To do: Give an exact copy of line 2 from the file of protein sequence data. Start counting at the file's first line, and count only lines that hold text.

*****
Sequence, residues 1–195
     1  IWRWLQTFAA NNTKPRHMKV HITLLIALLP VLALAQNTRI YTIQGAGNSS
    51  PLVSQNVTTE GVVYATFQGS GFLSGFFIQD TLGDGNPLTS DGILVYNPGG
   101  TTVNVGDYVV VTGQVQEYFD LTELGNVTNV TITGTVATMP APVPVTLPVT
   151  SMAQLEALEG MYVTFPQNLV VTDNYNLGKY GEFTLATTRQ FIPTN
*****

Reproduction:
     1  IWRWLQTFAA NNTKPRHMKV HITLLIALLP VLALAQNTRI YTIQGAGNSS